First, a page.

Djay confides in his bottom girl Shug that he thinks he’s going through a mid-life crisis, and sees little hope for himself within the context of his daily routine. He wants more for himself, as many of us do, but it never crosses his mind to pursue his life’s dream until he sees the success of Skinny Black, his peer who made it out of Memphis by “hustling his underground tapes down at the drive-in out the back of his Cutlass.” Skinny Black puts his voice out there, and the right person hears it. His demo tape turns into a Platinum album. Djay is envious of Skinny Black’s fame, but he’s also able to reconsider his own situation. Both of them use to spin records at their schools back in the day. If Skinny Black could find success in the rap game, then why not Djay? A lot of us, myself included, will often put our life goals on the back burner when we dismiss them as fantastic or unrealistic. We’re afraid to chase down a dream because so few people succeed at the same dream, or because other people may keep us down. And then you see someone just like you who’s made it, and if you’re wise you’ll tell yourself that it’s never too late and starting today you’ve got your eye back on the ball. I came very close to dismissing my plans of becoming a writer, and although it certainly isn’t my bread and butter I can’t imagine how unfulfilled I’d feel if I hadn’t reconsidered.
In Memoriam – Adam Yauch
A few words on the painful loss of Adam Yauch and what he and the Beastie Boys meant to us here.
You can’t measure the impact the Beastie Boys have had on both music itself and also the kids of my generation. It is just too large and unquantifiable. It’s like trying to measure the impact Babe Ruth had on baseball. The Beastie Boys were, quite simply, the Led Zeppelin of my youth. I’m a white dude who loves to rap and play bass, do I even need to go on as to the influence M.C.A. had on me personally? I’ll just say this, the attitude that they showed us all as kids has been one of the largest and most defining blueprints of my life. I can think of only two other times when celebrity news has affected me on a deep personal level; when Magic Johnson came out with HIV and when Kurt Cobain killed himself. This one trumps the others though because I think kids of my generation, we feel in a way like we are Beastie Boys. Somehow they made that possible. Their “fuck you” to the man seemed all inclusive. Like we could all join in for the chorus. And they never beat a message down on our throat, even though the message was always clear, do what you have to do and do it loudly, and if people think you are crazy they can go fuck a sandwich. People thought they were a novelty act. So with typical Beastie Boy aplomb and indignation they turned around and made one of the best records, Paul’s Boutique, of all time. And when they were done helping hip hop become America’s next great art form they did something truly great and taught generations of young people about the plight of Tibetian freedom.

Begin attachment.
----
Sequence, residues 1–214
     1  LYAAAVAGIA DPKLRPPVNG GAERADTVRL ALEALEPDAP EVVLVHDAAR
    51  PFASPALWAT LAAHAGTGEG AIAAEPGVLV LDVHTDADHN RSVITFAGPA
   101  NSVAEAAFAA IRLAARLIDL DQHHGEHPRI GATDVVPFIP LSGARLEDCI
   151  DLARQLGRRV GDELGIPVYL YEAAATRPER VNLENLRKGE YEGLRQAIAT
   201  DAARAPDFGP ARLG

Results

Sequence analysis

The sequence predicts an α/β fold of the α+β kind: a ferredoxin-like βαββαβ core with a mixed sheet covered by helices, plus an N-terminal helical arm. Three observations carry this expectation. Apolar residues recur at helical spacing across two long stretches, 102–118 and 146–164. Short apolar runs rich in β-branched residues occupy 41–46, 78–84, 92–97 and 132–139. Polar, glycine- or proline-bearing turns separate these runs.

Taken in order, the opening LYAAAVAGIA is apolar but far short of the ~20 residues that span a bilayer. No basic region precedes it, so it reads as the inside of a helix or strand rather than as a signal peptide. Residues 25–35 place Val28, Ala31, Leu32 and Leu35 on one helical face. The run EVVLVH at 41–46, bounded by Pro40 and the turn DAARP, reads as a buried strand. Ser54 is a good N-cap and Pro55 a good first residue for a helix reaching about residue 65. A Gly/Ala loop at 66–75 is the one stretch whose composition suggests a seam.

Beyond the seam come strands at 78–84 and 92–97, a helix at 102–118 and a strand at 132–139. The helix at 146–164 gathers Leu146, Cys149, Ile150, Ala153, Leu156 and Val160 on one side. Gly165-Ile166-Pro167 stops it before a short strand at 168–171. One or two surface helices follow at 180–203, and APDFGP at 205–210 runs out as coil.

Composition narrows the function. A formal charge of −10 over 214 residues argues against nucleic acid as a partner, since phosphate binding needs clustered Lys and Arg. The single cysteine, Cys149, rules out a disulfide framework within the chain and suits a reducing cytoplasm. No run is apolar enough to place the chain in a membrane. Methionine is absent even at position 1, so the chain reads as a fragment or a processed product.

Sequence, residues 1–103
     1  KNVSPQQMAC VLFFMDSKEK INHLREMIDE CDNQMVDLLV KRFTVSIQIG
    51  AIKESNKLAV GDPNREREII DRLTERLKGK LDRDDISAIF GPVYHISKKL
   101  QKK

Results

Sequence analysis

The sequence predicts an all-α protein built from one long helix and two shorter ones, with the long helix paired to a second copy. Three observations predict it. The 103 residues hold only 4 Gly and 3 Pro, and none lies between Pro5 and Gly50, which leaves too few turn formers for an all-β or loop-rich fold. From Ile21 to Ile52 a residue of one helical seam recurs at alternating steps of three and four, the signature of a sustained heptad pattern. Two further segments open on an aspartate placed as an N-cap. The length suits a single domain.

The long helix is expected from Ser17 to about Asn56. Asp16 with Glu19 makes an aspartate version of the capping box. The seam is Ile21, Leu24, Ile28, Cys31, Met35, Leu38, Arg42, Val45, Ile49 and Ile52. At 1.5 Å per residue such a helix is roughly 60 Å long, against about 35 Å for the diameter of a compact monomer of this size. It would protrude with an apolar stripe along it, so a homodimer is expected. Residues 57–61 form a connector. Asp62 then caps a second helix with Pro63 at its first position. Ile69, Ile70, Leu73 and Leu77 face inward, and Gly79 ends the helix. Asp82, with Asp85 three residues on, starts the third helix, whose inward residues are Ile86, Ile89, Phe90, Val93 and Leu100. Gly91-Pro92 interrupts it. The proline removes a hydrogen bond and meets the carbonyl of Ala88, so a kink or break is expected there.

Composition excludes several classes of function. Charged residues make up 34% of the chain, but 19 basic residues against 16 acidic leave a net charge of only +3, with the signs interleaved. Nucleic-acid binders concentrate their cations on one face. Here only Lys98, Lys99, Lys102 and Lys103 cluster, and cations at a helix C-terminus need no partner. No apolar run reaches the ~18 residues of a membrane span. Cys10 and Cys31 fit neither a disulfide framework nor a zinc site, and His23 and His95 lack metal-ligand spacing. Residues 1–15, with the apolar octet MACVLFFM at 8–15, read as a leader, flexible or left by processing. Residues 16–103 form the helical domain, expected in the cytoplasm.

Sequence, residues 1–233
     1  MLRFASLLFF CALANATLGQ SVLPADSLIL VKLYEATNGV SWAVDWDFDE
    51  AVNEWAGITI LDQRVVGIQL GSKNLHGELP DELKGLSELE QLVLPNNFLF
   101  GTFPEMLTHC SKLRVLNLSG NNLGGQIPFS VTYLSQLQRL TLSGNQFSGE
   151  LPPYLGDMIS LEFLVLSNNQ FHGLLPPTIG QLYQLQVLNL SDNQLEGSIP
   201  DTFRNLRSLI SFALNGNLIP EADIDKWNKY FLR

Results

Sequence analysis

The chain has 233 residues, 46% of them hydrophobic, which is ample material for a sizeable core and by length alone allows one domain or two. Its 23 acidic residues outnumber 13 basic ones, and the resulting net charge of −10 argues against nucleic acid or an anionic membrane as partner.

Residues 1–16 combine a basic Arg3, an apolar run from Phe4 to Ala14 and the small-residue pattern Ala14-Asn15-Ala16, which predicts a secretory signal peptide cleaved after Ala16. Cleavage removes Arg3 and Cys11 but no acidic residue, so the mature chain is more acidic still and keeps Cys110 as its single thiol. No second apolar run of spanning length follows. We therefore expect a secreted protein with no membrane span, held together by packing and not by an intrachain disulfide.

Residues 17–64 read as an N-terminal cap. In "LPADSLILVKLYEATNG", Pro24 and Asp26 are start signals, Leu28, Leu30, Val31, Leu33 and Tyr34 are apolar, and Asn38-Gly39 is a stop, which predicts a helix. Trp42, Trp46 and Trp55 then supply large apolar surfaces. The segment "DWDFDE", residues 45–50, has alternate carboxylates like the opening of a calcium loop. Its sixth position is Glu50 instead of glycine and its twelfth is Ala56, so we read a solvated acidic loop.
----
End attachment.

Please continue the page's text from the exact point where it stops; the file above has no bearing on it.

The passing of Adam Yauch is sad on so many levels. Not only because his death represents the passing of one of the most influential and unique musical outfits in history, but also because he touched so many musical giants on such deep personal levels. From Chuck D and ?uestlove to Madonna and Coldplay; if you haven’t go read what these people had to say. It will make you cry. I can’t think of many times in my life where I have seen such outpourings of unconditional love from so many people. Maybe not since the death of Princess Diana. It was extremely sad and extremely beautiful just to get to read how much love people had for Adam Yauch. And It’s not that they are just sad about the passing of a friend, it’s that he changed their lives, gave them an opportunity, taught them about life, or business, or music. And because somehow in the middle of helping change the landscape of music forever, he also found a way to hold onto the reckless feelings of youth, teach us all something about helping other people, and remain eternally cool. If one great thing is to come from his death it’s that right now there are a ton of little kids learning the ultimate Beastie Boy lesson, “you can’t, you won’t and you don’t stop”, even when you finally do.